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Publication numberUS3670305 A
Publication typeGrant
Publication date13 Jun 1972
Filing date30 Sep 1970
Priority date30 Sep 1970
Publication numberUS 3670305 A, US 3670305A, US-A-3670305, US3670305 A, US3670305A
InventorsMaloney William T
Original AssigneeSperry Rand Corp
Export CitationBiBTeX, EndNote, RefMan
External Links: USPTO, USPTO Assignment, Espacenet
Lensless optical recognition system
US 3670305 A
Abstract
A lensless recognition system including a hologram having interference patterns therein corresponding to known characters. The interference patterns are formed by a character beam which passes through a transparent mask of the character to be recorded and intersects a reference beam on a photographic plate. In the recognition process quasi-monochromatic incoherent illumination from an unknown character transmits through the hologram which is obtained by developing and bleaching the photographic plate. Correlated output signals of varying intensity are formed in the output plane at the locations occupied during the recording process by the transparent masks which most closely correspond to the unknown character. Each of a plurality of pinholes positioned at the locations corresponding to each mask transparency transmits the central value of a correlated output signal. A photodetector aligned with each pinhole senses the transmitted central value and produces a current signal that is processed in a postprocessor to provide an output signal that is indicative of the corresponding known character.
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Description  (OCR text may contain errors)

United States Patent Malone 1 June 13 1972 54] LENSLESS OPTICAL RECOGNITION Primary mminerqhomas Robinson Attomey-S. C. Yeaton [72] Inventor: William T. Mlloney, Sudbury, Mass. [57] ABSTRACT [73] Assignee: Sperry Rand Corporation A lensless recognition system including a hologram having interference patterns therein corresponding to known charac- 1970 ters. The interference patterns are formed by a character [211 App]. 7 3 9 beam which passes through a transparent mask of the character to be recorded and intersects a reference beam on a photographic plate. In the recognition process quasimonochromatic incoherent illumination from an unknown character transmits through the hologram which is' obtained [58] Field ofSear-ch ..340/ 146.3, 146.3 P; BSD/3.5 by developing and bleaching the photographic plat lated output signals of varying intensity are formed in the out- [56] na Cited put plane at the locations occupied during the recording process by the transparent masks which most closely cor- UNITED STATES PATENTS respond to the unknown character. Each of a plurality of pinholes positioned at the locations corresponding to each mask 2 82; qr g transparency transmits the central value of a correlated output l signal. A photodetector aligned with each pinhole senses the 3,196,392 7/1965 Horwrtz et al. 340/1463 P t d 81 a] d 0d a] th a 408 143 10/1968 Mueller ..34o/14s.3 P F a i 3 43,237 11/1970 C u t d 340/146 3 P processed in a postprocessor to provide an output signal that IS u er indicative of the corresponding known character.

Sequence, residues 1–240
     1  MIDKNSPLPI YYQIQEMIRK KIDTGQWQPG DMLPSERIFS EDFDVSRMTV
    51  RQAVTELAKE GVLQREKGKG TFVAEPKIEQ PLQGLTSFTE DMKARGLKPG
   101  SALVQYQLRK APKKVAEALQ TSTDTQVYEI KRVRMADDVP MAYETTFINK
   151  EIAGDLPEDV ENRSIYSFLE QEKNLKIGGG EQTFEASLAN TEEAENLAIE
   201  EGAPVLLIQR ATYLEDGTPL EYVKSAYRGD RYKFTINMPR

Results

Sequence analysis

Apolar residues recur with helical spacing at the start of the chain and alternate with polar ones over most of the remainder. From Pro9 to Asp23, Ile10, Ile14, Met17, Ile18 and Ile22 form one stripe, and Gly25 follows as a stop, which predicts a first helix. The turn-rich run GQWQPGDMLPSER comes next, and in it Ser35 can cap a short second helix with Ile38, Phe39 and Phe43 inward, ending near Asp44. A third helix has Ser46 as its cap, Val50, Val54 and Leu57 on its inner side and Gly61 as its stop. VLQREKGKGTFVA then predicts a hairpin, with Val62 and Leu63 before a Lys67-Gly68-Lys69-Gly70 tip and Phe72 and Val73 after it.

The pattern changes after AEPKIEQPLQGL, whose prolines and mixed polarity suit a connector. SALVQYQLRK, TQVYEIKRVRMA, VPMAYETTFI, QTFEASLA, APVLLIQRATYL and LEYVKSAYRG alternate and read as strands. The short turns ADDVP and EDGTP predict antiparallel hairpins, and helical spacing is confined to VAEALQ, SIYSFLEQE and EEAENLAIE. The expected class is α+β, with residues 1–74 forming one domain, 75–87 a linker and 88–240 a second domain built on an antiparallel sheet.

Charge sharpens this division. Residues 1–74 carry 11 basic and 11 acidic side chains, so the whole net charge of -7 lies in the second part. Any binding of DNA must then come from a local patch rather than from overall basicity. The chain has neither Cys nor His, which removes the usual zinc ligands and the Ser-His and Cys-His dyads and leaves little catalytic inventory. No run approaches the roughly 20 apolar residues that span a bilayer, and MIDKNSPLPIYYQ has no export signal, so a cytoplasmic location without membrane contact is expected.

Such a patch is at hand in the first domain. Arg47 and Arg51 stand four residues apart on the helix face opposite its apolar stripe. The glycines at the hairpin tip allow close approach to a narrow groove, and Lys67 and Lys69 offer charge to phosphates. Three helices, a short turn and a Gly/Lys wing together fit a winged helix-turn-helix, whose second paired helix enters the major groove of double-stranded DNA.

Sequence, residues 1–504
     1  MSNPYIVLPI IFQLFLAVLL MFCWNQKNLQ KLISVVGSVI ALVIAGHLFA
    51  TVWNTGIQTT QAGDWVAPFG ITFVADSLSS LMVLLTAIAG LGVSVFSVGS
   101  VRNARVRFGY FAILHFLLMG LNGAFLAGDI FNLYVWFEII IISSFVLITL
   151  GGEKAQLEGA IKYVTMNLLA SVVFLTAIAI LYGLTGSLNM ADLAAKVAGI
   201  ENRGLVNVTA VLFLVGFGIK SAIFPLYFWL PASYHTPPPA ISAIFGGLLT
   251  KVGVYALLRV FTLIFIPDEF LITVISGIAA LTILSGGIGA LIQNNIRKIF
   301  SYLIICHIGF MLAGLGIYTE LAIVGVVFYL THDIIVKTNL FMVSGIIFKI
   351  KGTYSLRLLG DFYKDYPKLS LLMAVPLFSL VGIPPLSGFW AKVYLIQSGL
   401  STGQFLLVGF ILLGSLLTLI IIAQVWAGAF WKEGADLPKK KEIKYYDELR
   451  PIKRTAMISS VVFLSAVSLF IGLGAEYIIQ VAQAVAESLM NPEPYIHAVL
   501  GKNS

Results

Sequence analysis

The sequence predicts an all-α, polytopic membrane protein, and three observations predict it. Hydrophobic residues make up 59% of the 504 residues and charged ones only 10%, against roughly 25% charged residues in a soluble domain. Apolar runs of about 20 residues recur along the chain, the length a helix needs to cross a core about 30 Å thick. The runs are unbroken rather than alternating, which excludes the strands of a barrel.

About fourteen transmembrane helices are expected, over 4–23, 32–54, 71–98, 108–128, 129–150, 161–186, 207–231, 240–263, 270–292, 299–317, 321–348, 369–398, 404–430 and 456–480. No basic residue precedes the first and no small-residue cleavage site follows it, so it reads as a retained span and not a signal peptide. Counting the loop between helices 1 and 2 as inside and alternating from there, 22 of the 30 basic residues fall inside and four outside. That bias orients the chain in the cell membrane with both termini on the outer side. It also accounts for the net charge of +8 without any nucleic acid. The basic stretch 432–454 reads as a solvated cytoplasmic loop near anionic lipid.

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MASK TRANSPARENCIES IMAGING LENS INVENTOR. I V/Lz. MM 7'. Mam/v5) A 7'7'0R/VEY LENSLESS OPTICAL RECOGNITION SYSTEM BACKGROUND OF THE INVENTION 1. Field of the Invention The present invention relates to the art of optical recognition systems and more specifically to those systems that employ spatial filtering for the recognition of self-luminous or incoherently illuminated characters. The term character as used herein encompasses patterns and features of characters, for example the crossbar in the letter A and includes subfeatures of characters, for example, if the aforementioned crossbar were divided into three segments each segment would be considered to be a subfeature.